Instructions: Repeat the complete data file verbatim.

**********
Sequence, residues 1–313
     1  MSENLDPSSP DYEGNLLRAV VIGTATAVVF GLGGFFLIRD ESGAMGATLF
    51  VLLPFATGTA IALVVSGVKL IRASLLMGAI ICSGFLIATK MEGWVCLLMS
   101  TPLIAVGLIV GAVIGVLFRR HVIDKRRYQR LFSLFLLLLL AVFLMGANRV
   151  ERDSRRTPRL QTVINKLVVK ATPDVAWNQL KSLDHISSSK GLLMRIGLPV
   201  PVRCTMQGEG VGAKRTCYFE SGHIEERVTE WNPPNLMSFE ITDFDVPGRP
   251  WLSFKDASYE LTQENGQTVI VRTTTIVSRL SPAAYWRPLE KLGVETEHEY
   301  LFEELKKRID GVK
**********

Sequence, residues 1–313
     1  MSENLDPSSP DYEGNLLRAV VIGTATAVVF GLGGFFLIRD ESGAMGATLF
    51  VLLPFATGTA IALVVSGVKL IRASLLMGAI ICSGFLIATK MEGWVCLLMS
   101  TPLIAVGLIV GAVIGVLFRR HVIDKRRYQR LFSLFLLLLL AVFLMGANRV
   151  ERDSRRTPRL QTVINKLVVK ATPDVAWNQL KSLDHISSSK GLLMRIGLPV
   201  PVRCTMQGEG VGAKRTCYFE SGHIEERVTE WNPPNLMSFE ITDFDVPGRP
   251  WLSFKDASYE LTQENGQTVI VRTTTIVSRL SPAAYWRPLE KLGVETEHEY
   301  LFEELKKRID GVK